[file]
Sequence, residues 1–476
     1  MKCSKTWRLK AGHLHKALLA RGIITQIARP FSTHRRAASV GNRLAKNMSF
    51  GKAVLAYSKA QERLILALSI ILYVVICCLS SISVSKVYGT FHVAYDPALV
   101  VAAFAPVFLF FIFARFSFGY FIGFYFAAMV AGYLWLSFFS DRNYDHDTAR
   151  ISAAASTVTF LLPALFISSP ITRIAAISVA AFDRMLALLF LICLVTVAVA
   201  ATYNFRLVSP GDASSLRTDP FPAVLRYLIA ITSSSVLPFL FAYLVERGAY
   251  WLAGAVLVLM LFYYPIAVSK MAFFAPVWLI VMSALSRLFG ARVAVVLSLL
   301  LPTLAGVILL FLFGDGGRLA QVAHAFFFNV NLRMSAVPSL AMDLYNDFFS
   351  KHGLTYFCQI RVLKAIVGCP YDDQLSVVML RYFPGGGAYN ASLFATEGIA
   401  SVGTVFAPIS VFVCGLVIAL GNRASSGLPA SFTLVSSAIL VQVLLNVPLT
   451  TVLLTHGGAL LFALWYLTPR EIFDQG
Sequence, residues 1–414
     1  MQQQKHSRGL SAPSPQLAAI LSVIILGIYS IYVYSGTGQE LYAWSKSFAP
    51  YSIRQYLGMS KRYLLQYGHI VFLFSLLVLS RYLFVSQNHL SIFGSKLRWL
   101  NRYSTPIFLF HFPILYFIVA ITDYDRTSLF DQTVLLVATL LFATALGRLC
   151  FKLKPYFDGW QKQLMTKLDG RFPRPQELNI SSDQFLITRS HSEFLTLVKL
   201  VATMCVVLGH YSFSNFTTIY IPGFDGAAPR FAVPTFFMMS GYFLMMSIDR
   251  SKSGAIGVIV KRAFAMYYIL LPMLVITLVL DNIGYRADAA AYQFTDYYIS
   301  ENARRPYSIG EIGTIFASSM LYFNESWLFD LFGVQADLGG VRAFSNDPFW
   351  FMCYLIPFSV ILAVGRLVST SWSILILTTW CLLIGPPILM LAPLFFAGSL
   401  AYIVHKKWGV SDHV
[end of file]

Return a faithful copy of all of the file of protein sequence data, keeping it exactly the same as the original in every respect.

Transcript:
Sequence, residues 1–476
     1  MKCSKTWRLK AGHLHKALLA RGIITQIARP FSTHRRAASV GNRLAKNMSF
    51  GKAVLAYSKA QERLILALSI ILYVVICCLS SISVSKVYGT FHVAYDPALV
   101  VAAFAPVFLF FIFARFSFGY FIGFYFAAMV AGYLWLSFFS DRNYDHDTAR
   151  ISAAASTVTF LLPALFISSP ITRIAAISVA AFDRMLALLF LICLVTVAVA
   201  ATYNFRLVSP GDASSLRTDP FPAVLRYLIA ITSSSVLPFL FAYLVERGAY
   251  WLAGAVLVLM LFYYPIAVSK MAFFAPVWLI VMSALSRLFG ARVAVVLSLL
   301  LPTLAGVILL FLFGDGGRLA QVAHAFFFNV NLRMSAVPSL AMDLYNDFFS
   351  KHGLTYFCQI RVLKAIVGCP YDDQLSVVML RYFPGGGAYN ASLFATEGIA
   401  SVGTVFAPIS VFVCGLVIAL GNRASSGLPA SFTLVSSAIL VQVLLNVPLT
   451  TVLLTHGGAL LFALWYLTPR EIFDQG
Sequence, residues 1–414
     1  MQQQKHSRGL SAPSPQLAAI LSVIILGIYS IYVYSGTGQE LYAWSKSFAP
    51  YSIRQYLGMS KRYLLQYGHI VFLFSLLVLS RYLFVSQNHL SIFGSKLRWL
   101  NRYSTPIFLF HFPILYFIVA ITDYDRTSLF DQTVLLVATL LFATALGRLC
   151  FKLKPYFDGW QKQLMTKLDG RFPRPQELNI SSDQFLITRS HSEFLTLVKL
   201  VATMCVVLGH YSFSNFTTIY IPGFDGAAPR FAVPTFFMMS GYFLMMSIDR
   251  SKSGAIGVIV KRAFAMYYIL LPMLVITLVL DNIGYRADAA AYQFTDYYIS
   301  ENARRPYSIG EIGTIFASSM LYFNESWLFD LFGVQADLGG VRAFSNDPFW
   351  FMCYLIPFSV ILAVGRLVST SWSILILTTW CLLIGPPILM LAPLFFAGSL
   401  AYIVHKKWGV SDHV